One of the more powerful woodland species of Psilocybe is P. baeocystis, which occurs throughout western Oregon and Washington. It is a larger mushroom than the Liberty Cap, and two caps may be sufficient for a strong experience. Last fall p. baeocystis turned up in large numbers on the mulch under rhododendron bushes in a municipal park in the middle of Eugene. It was collected and used by many people. Just before Christmas a bookstore here in Tucson was offering them for sale at $1.50 each ("Limit; 12 to a customer"). They were advertised as "Psilocybin mushrooms from Eugene, Oregon," and sold out in a few days. Other species have been turning up in unusual places. A species that may be Psilocybe cyanescens, related to the derrumbe ("landslide") mushroom of Oaxaca, began growing heavily on the campus of the University of Washington in Seattle in the fall of 1973. Word of it got out quickly, and students began eating it to the consternation of University officials. The mushroom appeared to be spreading by way of a bark mulch used by the buildings and grounds crew; at least, each time a new area of the campus was mulched, it came up in great numbers.
During a trip to Washington State last October I found this mushroom growing abundantly on a lawn in front of a commercial nursery just south of the state capital at Olympia, It was first discovered there by an Oregon collector now living near Olympia who was taking his laundry to a Laundromat next to the nursery and noticed the mushrooms on the lawn. He tried them and confirmed their activity. They are lovely, chestnut-brown, fleshy mushrooms that readily turn blue (cyanescens means "blue-turning") and have a persistent annulus or veil around the upper stipe, an unusual character in this genus. Some users call them "Washington Blue Veils" and rate them as strong as the Liberty Caps. They grow in clusters, the stipes arising from a common point. When 1 first met up with them, I recognized them at once as the mushrooms I saw in the visions of my first Liberty Cap experience.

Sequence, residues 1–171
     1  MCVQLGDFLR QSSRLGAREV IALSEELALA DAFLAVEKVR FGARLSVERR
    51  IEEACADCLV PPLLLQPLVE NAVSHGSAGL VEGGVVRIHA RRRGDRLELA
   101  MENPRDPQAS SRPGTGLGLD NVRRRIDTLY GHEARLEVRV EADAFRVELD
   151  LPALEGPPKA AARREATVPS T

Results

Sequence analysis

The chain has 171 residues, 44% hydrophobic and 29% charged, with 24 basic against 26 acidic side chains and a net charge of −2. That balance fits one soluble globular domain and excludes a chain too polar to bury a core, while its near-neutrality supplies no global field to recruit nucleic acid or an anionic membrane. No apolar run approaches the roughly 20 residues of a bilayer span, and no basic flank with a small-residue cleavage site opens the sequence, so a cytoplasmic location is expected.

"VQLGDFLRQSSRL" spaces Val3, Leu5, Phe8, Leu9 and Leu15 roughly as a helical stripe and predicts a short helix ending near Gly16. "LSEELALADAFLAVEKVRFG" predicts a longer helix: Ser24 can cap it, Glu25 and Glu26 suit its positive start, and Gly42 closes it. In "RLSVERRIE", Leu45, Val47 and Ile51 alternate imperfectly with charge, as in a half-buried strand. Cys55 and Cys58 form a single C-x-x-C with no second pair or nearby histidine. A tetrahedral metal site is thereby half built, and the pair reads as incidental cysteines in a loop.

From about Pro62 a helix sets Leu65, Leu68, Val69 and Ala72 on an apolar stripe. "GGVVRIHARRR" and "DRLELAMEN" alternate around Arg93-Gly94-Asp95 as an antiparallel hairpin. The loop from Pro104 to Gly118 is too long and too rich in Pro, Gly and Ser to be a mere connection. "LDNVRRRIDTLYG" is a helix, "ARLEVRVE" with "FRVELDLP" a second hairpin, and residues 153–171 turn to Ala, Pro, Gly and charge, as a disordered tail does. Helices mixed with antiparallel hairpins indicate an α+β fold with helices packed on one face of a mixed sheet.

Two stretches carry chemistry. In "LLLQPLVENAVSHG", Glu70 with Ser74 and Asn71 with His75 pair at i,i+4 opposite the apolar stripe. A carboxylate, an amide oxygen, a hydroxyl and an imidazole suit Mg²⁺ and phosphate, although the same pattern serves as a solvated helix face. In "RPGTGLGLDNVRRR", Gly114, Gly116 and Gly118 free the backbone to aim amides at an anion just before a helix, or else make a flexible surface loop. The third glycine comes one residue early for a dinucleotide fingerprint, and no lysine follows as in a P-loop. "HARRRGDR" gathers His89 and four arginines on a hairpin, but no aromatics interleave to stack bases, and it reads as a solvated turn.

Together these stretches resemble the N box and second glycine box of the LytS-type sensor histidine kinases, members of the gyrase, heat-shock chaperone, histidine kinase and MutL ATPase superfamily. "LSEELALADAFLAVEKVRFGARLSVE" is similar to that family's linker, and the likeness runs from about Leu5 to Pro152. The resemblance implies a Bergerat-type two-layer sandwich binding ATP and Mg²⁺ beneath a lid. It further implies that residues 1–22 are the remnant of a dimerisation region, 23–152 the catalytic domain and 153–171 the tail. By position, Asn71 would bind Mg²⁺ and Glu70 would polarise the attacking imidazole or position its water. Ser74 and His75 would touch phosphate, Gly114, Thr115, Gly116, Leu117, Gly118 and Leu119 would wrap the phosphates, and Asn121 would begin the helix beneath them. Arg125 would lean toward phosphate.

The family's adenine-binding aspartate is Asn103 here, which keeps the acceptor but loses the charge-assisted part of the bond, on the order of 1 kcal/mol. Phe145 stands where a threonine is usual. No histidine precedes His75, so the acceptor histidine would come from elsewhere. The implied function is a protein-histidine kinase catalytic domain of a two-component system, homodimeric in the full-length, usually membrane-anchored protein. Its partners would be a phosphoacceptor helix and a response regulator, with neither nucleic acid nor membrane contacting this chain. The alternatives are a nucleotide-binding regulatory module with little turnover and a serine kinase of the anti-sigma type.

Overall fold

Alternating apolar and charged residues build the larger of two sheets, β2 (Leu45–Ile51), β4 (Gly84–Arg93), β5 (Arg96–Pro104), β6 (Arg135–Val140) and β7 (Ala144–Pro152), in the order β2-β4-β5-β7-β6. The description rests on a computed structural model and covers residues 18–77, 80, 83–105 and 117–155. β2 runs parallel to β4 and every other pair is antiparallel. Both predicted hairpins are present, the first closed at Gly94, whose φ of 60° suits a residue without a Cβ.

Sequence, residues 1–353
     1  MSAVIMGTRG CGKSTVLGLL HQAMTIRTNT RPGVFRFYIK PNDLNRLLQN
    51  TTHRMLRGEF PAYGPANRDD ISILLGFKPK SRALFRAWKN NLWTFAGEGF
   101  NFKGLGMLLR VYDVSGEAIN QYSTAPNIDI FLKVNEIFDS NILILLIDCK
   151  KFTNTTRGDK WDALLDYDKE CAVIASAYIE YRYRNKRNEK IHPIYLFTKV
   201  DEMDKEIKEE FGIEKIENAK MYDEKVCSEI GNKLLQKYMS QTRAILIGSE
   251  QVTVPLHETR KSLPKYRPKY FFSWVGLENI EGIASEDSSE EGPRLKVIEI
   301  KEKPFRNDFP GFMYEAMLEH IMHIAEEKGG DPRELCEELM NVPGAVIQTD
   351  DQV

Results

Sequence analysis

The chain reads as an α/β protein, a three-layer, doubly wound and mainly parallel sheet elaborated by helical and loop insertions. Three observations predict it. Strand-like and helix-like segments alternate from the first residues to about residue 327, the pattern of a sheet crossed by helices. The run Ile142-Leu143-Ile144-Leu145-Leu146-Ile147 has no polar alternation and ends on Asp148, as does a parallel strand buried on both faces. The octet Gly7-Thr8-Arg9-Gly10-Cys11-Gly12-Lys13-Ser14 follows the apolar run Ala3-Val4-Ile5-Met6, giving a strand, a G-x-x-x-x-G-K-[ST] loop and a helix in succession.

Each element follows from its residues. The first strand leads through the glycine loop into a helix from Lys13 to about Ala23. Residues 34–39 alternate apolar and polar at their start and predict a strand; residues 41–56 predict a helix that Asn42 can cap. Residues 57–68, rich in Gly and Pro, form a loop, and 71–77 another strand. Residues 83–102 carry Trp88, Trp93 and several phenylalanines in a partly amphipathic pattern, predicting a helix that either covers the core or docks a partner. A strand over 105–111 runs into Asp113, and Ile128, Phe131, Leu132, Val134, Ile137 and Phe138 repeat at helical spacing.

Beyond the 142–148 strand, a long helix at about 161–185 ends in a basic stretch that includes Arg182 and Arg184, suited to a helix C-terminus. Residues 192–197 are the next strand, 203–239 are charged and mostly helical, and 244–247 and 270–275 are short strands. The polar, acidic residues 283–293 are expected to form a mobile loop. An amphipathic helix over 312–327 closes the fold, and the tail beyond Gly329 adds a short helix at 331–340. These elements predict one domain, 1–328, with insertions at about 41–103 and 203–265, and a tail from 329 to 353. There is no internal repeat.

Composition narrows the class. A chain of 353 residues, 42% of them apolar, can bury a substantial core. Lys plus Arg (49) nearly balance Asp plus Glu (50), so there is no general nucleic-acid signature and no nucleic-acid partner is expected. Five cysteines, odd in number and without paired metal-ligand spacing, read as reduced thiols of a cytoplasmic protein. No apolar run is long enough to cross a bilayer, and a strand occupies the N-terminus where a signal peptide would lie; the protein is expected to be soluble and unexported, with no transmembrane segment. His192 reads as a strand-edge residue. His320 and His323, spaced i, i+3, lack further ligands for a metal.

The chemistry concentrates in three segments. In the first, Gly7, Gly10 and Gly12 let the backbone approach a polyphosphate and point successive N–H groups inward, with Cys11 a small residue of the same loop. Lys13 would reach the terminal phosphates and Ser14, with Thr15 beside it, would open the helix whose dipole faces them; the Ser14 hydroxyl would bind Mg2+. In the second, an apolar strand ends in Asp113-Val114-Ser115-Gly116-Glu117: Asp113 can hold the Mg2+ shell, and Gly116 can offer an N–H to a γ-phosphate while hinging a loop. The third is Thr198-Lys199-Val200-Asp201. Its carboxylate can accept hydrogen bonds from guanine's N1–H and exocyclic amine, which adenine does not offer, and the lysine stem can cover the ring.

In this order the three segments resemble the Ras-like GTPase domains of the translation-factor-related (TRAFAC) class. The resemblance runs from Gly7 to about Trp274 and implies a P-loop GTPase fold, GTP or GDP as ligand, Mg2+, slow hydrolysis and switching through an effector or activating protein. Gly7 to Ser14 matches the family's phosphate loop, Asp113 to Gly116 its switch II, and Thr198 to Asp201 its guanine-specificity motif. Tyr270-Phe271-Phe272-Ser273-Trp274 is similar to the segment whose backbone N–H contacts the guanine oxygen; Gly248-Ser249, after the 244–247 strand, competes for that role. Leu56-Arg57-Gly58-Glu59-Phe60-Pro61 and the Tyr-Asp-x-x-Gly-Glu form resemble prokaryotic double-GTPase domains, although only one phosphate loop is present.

I had a chat with the owner of the nursery about his lawn. He had not failed to notice large numbers of young people, especially students from nearby Evergreen State College, crawling about on his property picking mushrooms. "Sometimes it gets so bad, I have to turn the sprinklers on to get rid of them," he complained. I explained to him what the mushrooms were, assured him that no one could get hurt with them, and got permission to collect specimens for identification. He told me his staff had prepared hundreds of similar lawns all over Olympia using the same mulch and manure. It was Indian Summer in Washington, too, with almost no mushrooms anywhere. Heavy sprinkling had brought them up in front of the nursery. But next fall, when the rains will probably come as usual, Psilocybe cyanescens may well turn up all over the state capital. . . .
The essence of the revolution in consciousness occurring all about us is the emergence of unconscious forces long denied by our culture and the beginnings of attempts to integrate them into the fabric of our individual and social lives. Mushrooms are external symbols of those forces and their invasion of our outward lives is a dramatic and encouraging sign of the progress of this great change,